By George P. Matysek Jr.
When Cardinal Edwin F. O’Brien introduced Bishop William E. Lori of Bridgeport as the 16th Archbishop of Baltimore during a March 20 press conference, the cardinal joked that “you have no idea how happy I am to see you.”
The incoming archbishop smiled and replied, “You have no idea how happy I am to be here in this wonderful Archdiocese of Baltimore, our nation’s Premier See. It fills me with joy. If fills me with gratitude – the very thought of shepherding this great church.”
The morning press conference, held at the Basilica of the National Shrine of the Assumption of the Blessed Virgin Mary in Baltimore, was held on the same day the appointment was announced in Rome.
Cardinal O’Brien, who has been serving dual roles as apostolic administrator of the Baltimore archdiocese and grand master of the Equestrian Order of the Holy Sepulcher, has known Archbishop Lori for many years. The cardinal said he has been impressed “by his deep love of the church and her people and by his extraordinary work both as Bishop of Bridgeport and as a valued leader on behalf of the United States Conference of Catholic Bishops.”
Cardinal O’Brien said Archbishop Lori “has ably pastored the priests and faithful of Bridgeport and has solidified the foundation of that local church in many key areas, most especially Catholic education, evangelization and priestly vocations.”
Archbishop Lori expressed “profound gratitude” to the pope for the appointment and to Cardinal O’Brien, Cardinal William H. Keeler and others for their support. He learned of the appointment one week prior to the announcement.
In the coming weeks, Archbishop Lori said he will get to know the priests of the Archdiocese of Baltimore who form what he called a “wonderful, strong presbyterate – a presbyterate with a proud tradition.”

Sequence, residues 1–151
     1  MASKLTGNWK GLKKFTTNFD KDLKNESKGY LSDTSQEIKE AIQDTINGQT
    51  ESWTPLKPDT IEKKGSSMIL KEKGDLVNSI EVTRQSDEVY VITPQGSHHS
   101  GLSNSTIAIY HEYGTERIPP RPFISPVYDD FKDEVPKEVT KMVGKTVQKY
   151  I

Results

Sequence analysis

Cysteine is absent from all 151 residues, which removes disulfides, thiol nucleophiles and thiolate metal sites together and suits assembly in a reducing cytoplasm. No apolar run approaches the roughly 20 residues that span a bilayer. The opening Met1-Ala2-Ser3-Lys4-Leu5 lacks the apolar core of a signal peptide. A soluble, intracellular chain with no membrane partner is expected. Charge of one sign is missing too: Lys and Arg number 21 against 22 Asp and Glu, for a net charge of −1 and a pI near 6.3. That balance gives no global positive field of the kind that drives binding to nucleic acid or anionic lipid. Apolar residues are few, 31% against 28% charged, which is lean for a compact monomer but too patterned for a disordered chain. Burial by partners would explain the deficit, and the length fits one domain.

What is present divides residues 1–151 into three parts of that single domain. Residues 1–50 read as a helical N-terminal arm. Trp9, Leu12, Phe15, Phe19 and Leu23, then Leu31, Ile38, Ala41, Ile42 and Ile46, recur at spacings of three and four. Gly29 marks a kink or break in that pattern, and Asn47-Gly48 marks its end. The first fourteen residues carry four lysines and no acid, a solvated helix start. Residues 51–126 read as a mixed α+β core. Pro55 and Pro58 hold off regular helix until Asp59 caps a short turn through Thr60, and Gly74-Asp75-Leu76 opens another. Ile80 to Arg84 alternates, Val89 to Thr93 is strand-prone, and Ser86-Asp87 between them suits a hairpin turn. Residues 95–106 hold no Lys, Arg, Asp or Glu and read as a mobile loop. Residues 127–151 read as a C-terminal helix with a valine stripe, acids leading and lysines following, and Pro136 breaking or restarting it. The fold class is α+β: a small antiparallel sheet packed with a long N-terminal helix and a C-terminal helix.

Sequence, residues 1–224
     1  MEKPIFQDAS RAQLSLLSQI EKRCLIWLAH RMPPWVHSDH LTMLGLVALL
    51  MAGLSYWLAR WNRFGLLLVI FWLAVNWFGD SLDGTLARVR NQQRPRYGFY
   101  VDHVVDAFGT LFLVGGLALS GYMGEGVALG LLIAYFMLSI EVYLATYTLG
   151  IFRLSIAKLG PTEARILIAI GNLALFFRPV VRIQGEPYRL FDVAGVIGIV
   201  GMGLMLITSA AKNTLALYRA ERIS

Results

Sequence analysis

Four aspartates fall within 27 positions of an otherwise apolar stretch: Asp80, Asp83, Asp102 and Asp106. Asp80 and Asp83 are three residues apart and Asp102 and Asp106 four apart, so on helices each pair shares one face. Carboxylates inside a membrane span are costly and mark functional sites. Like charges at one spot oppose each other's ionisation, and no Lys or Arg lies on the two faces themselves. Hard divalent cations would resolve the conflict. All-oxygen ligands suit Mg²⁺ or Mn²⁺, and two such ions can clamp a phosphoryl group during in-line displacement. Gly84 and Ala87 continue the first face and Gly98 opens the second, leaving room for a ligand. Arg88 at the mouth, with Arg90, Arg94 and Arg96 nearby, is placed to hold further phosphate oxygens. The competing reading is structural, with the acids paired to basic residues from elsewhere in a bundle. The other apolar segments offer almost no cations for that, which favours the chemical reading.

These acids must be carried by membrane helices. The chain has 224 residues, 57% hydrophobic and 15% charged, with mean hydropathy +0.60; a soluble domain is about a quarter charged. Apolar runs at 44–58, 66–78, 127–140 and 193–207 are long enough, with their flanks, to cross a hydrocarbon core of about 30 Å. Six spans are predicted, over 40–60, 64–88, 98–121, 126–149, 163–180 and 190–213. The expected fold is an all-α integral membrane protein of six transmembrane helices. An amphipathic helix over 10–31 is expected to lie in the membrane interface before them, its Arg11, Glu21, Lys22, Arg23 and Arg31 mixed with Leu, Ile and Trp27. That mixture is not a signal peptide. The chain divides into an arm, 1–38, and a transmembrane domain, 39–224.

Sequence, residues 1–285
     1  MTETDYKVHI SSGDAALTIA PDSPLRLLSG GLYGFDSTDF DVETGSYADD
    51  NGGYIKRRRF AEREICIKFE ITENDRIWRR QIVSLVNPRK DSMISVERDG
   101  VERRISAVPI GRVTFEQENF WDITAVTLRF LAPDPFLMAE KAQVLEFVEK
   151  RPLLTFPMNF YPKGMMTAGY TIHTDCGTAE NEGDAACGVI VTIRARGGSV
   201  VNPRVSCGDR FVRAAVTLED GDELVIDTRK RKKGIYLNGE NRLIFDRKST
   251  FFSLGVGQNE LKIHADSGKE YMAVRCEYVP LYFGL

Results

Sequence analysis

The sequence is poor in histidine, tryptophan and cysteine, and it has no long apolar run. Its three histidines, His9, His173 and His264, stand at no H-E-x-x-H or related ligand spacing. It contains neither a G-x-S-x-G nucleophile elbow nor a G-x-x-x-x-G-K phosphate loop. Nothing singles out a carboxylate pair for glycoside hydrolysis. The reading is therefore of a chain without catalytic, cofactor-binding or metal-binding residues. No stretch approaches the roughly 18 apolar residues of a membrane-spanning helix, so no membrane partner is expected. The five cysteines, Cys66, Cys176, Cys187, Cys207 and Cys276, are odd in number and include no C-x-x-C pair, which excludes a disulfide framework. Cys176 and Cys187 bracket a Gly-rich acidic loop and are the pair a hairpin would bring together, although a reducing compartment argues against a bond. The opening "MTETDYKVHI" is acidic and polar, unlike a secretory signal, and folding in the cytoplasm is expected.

He will also meet with other clergy, religious and lay people, he said, and learn more about the many ministries of the archdiocese.
“I’m looking forward to working with everyone so that we might unite in bearing witness to Christ,” he said, “and that we might join together in the spirit of loving service as this historic archdiocese proclaims the Gospel afresh for our times.”
A native of Louisville, Ky., Archbishop Lori received his master’s degree from Mount St. Mary’s Seminary in Emmitsburg. He was ordained a priest for the Archdiocese of Washington in 1977 by Cardinal William Baum.
His first assignment was as associate pastor of St. Joseph in Landover. He then served as secretary to Cardinal James Hickey, chancellor, moderator of the curia and vicar general.
He was named a bishop by Pope John Paul II in 1995, serving as auxiliary bishop for the Archdiocese of Washington until 2001, when he was appointed spiritual leader of approximately 400,000 Catholics worshiping in 87 parishes in Fairfield County, Connecticut. There are 504,000 Catholics and more than 150 parishes in the Archdiocese of Baltimore.
During his episcopacy in Bridgeport, Archbishop Lori launched several initiatives in support of Catholic education, vocations, Catholic Charities, and evangelization.
In 2004, Archbishop Lori announced a major restructuring of the Diocese of Bridgeport’s 37 Catholic schools, which educate more than 11,000 children.